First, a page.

The Voice of Women Initiative (VOW) is a women-led initiative that empowers the voices of girls and women.
The Voice of Women Initiative was formed on the 19th November 2012. It was formed to be a platform that empowers the voices of women through advocacy and campaigns, training and capacity-building and carrying out community development projects to support women and girls in education, social entrepreneurship, alleviating violence against women and eradicating poverty, promoting environmental sustainability, peace, and social justice.
At the grassroots level, VOW Initiative works in Limbe, Cameroon.
Limbe is a small town in the South West Region of Cameroon. With a beautiful sea side and small villages surrounding the town, it is a town that has a high rate of young people – both students and non-students, a population that is vulnerable and a target population for VOW.
We also work with girls in the surrounding villages, carrying out our campaigns and other projects.
Women, girls, and children are the main beneficiaries of our activities. We work with girls undergoing harmful traditional practices like breast ironing, FGM (female genital mutilation), as well working with rape victims. We also work with widows, and women and young people in prisons and also sex workers.
We strive to promote justice in the areas where it is lacking.
VOW Initiative works on three thematic areas: advocacy/campaigns, training/capacity-building, and community development.
Worldwide, the Initiative runs a vibrant network of correspondents from Asia, Africa, Europe, and Latin America. Our network of correspondents give a global perspective on the grassroots work that we do, thereby giving VOW a global approach.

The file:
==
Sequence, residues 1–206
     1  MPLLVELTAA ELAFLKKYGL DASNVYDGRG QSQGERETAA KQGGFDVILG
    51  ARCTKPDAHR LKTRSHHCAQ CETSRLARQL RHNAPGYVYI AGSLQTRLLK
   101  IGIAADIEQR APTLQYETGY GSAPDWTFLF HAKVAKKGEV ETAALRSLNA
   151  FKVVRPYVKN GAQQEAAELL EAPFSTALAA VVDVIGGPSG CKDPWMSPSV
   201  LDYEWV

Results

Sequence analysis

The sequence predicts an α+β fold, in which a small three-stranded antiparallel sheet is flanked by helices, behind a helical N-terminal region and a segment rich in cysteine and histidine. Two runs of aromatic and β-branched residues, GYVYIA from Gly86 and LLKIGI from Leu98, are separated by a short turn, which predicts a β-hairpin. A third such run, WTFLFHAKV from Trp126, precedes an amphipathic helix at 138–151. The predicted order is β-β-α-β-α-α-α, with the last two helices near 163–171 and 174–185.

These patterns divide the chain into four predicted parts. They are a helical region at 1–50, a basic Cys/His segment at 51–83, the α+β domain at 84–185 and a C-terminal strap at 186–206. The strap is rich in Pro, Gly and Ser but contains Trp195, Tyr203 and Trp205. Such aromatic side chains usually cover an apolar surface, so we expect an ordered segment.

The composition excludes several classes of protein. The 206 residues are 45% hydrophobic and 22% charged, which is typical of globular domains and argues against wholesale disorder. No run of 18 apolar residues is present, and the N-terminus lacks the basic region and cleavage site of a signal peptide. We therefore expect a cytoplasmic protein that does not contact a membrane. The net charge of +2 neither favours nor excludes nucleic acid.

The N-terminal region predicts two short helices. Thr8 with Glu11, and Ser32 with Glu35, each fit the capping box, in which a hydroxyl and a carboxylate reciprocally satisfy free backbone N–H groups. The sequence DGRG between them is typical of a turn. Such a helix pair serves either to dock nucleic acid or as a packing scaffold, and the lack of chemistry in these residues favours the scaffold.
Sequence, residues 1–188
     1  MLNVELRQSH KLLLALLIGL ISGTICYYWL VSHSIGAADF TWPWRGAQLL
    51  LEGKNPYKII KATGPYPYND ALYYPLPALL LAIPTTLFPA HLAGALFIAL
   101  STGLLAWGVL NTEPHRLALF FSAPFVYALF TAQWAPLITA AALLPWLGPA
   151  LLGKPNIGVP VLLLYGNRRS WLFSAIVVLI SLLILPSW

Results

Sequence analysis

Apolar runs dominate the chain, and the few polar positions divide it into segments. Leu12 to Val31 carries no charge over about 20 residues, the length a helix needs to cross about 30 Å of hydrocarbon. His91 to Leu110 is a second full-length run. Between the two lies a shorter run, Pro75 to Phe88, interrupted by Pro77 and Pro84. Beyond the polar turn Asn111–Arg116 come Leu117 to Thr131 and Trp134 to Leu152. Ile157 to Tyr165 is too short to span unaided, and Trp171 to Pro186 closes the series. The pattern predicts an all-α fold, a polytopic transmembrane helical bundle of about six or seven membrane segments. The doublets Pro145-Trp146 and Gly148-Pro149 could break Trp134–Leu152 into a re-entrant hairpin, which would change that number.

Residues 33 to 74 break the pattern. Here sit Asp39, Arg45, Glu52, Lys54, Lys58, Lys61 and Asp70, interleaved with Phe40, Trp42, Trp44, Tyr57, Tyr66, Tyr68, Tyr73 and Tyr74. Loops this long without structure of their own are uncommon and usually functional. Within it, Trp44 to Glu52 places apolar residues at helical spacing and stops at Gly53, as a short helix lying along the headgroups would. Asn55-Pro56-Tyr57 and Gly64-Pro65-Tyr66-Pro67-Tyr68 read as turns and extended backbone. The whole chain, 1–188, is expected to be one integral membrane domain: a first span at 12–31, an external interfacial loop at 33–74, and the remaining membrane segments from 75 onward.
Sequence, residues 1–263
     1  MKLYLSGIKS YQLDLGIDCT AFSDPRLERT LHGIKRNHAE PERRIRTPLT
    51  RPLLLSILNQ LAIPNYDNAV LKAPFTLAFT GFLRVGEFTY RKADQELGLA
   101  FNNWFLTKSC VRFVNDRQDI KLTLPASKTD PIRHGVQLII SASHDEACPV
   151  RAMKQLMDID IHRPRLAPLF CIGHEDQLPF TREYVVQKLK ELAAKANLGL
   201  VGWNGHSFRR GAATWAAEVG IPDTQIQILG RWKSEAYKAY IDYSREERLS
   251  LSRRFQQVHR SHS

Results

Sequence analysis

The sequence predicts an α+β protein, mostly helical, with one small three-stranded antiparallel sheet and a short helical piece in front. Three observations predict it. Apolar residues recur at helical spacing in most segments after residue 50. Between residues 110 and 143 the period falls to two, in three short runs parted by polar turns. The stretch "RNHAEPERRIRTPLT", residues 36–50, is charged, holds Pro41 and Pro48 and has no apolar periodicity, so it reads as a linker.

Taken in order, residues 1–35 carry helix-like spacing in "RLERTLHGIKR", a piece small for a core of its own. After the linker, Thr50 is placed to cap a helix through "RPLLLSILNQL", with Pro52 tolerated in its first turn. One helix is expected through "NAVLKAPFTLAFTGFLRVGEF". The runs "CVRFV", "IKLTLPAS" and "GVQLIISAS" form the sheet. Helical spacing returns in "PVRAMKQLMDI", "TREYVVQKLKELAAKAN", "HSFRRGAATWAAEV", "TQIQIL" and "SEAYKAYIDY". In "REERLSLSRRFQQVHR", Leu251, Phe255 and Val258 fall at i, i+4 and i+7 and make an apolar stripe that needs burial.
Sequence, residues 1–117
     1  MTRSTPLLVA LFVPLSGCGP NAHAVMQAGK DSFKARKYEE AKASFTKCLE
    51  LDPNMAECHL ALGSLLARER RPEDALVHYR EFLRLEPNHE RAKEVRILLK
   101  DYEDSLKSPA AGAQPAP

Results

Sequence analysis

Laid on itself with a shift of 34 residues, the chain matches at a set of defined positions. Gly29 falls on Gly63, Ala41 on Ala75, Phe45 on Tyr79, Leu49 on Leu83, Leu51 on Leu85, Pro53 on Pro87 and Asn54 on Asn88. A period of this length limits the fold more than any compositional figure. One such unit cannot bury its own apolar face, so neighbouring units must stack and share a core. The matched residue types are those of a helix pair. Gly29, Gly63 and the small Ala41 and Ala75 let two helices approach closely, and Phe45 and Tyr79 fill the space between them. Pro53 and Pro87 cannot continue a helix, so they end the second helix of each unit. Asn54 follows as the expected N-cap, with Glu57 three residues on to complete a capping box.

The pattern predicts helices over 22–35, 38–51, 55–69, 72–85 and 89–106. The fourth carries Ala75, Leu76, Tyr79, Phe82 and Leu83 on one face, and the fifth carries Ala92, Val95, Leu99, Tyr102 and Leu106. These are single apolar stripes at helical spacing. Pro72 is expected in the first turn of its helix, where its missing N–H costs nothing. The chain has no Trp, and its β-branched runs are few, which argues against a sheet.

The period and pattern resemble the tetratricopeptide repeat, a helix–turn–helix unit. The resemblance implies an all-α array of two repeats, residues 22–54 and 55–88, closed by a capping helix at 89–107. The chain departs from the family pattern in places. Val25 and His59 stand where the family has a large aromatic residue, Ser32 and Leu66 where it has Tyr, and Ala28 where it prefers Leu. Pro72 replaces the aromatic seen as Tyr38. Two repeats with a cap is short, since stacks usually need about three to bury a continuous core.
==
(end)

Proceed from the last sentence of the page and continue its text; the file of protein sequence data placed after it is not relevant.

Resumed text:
Limbe is a beautiful small city with many rural villages around. The town is facing its own challenges such as early pregnancy, vulnerability to HIV, prostitution, lack of knowledge on reproductive health, poverty, bad traditional practices such as FGM, breast ironing and sexual abuse.
There is also the unfavorable gender role distribution and gender discrimination. In the last 10 years, the city has been severely threatened by floods and land slides.
Even though the literacy level should improve, the indigenous population are really becoming more and more aware of the importance of education. The challenge remains the finance, and innovating methods to create employment for young people especially young women who are disadvantaged.
These effects are suffered more by immigrant women and their children who are not just discriminated for their gender and lack of access to resources, but also inhibited by the law.
It is our hope that VOW can be able to do something about their situation in the nearest future.
Konda Delphine, Aya Chebbi, and Rose Wachuka are the founders. We met for the first time in Mindelo, Cape Verde for the 4th African University on Youth and Development. We were all participants of the 8th Africa-Europe Training Course.
During the training, we were attracted to each other based on our passion to empower the voices of women in the Africa-Europe process.
We felt the need to create a safe space for women to share their own stories and in their own way. Because we are all bloggers, we began to talk about the idea of starting a blog for women in Africa.
After the training course, we continued working on the idea until the 19th November, 2012, when we created the organization. We launched our website on 1stJanuary, 2013 and in a short while, we began receiving contributions not just from the people that we work with – but also from people across the world.
Even though we work with grassroots women, we also appreciate the tireless contributions of our vibrant correspondents whose input give VOW a global perspective.